Virtually everything that's been written about chef Iliana Regan has mentioned her preternatural relationship with nature and foraging. As she walked through the MUNCHIES rooftop garden, everything overgrown from a summer's worth of sun, it wasn't hard to see why. The chef—Chicago-based, for now—looked instantly at ease as she plucked herbs and flowers: sorrel, hyssop, yarrow, goldenrod. Raised on a hobby farm in Indiana where her family "grew everything" and she foraged with her dad, it's no wonder Regan ended up so familiar with the outdoors.
In the kitchen, Regan made a dish based on childhood memories: fried zucchini, just the way her mother prepared it, but served with a sauce made from blended rooftop herbs. Among the many food memories described in her memoir Burn the Place, which was announced as a nominee for the 2019 National Book Award in Nonfiction late last week, was "the way [her] mom lightly breaded zucchini before it ever made it to the fridge and shallow fried it in butter." When her mother made it, Regan recalled, "We would just take it out of the pan and start eating. It's comforting."
Recipe: Easy Fried Zucchini
Shortly after her visit, the author and chef-owner of Elizabeth, was headed back to Chicago, but not for long. In August, Regan and her wife Anna officially opened the Milkweed Inn, the do-it-all chef's newest project: a weekend-long bed and breakfast experience in Michigan's Upper Peninsula, offering "glamping" for just 10 guests at a time. "I have 150 acres in the Hiawatha National Forest," Regan said. "It's in the middle of the wilderness, like literally." That solitude and distance is purposeful.
Memoir and Milkweed aside, Regan has had a busy plate for years. "I opened some restaurants, I closed some restaurants, I did so many things in the meantime," she said. Elizabeth, the restaurant named in honor of her late sister, was the first big project. Opened in September of 2012, Elizabeth earned Regan a Michelin star by the end of 2013. For a while, she also had the bakery Bunny and the Japanese-leaning Kitsune, though both are now closed.
For Regan, the perks to Elizabeth are many. The restaurant is such an embodiment of herself, Regan said, that it's hard for her to spend much time away. Beloved by locals, 50 percent of guests on any given night have been to Elizabeth before, she estimated. But above all, she's in charge. "It's kind of a hole in the wall but we make beautiful food and that's the thing: I own it so I don't have to answer to anybody. I do my own social media and my book-keeping and my sales and do the payroll, which is the stuff I hate, but I'd rather be in charge of everything," Regan said. "It gives us the freedom to do the wacky things that I want to do."
But as she looks into the future, the sustainability of that lifestyle seems increasingly tenuous. "I don't want to manage 22-year-olds. I want to cook on a smaller level. We use local farmers, but still procuring quality ingredients for 100 people is a week is hard for me. I don't want to have a huge carbon footprint," Regan explained. Pushing towards Milkweed, and moving away from Elizabeth, is about finding what works for her life now but still allows her to keep cooking. "Now I'm like, 'What are the things I actually want to do?'"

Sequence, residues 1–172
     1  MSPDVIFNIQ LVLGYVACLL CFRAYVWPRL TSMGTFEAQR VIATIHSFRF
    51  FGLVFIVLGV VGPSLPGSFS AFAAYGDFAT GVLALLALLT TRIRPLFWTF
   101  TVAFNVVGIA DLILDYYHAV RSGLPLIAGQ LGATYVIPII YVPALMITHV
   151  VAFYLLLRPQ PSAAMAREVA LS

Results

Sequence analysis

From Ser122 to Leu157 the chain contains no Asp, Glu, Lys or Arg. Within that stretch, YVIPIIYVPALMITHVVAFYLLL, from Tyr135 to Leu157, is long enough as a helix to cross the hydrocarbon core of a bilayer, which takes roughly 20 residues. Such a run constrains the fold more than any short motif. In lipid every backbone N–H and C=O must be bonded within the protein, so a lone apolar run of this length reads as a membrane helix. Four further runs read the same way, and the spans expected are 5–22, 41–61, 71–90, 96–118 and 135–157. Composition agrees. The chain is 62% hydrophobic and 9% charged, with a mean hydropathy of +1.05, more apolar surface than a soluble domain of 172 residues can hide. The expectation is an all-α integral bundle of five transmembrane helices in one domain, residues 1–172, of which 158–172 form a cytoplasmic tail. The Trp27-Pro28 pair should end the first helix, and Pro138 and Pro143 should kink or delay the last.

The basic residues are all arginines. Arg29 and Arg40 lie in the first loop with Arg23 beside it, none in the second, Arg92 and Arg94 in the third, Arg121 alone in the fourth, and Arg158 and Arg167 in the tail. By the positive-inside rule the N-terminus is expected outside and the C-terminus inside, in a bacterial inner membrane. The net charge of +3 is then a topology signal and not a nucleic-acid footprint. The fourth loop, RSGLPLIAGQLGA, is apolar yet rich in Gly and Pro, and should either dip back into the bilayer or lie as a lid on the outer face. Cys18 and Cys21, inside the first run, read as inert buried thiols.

Late last year, Regan and her wife bought their parcel of land in the Northwoods. The 150-acre plot has a yard lined with wild strawberries and blackberries and an estimated 300 feet of river, full of brown, rainbow, and steelhead trout. She has a cabin and an Airstream trailer, and Regan has gotten to work readying activities: fly-fishing equipment, kayaks, a 4-wheeler. The land is full of things to be foraged, but whatever she can't do or find herself will be local, regardless. "I just want to feel like what I'm doing with food makes sense and it's more conscious of the environment and it's focusing on what I actually love," Regan said.
For Regan, her wife, and her guests, the weekend-long experience will be immersive. Aside from activities, every meal is included, and all the food is prepared by Regan with a focus on local, foraged, and from the land. For the first weekend, she had the menu all dreamed up. On Friday, she explained, she'll take local trout and hang them over an open fire for six hours; she'll serve it with bread and the pierogies she used to make for farmers' markets. Saturday would be stew for lunch, followed by a 15-course meal for dinner, and then a light breakfast on Sunday.
As Regan explained all this, pulling up pictures on her phone of her open fire set-up, her excitement was obvious. Clearly, that was shared by prospective guests: the bookings for August, the only month Milkweed was available this year, filled up quickly. When the season is over, Regan will head back to Elizabeth, which she has left in the hands of Jenner Tomaska, the former executive chef at Next, while she's away. Next year, her time in Chicago will dwindle further, as Milkweed is scheduled to be open from May to October.
Despite Elizabeth's long tenure in Chicago, Regan said, "Hopefully, that's my next thing—where we just do Milkweed."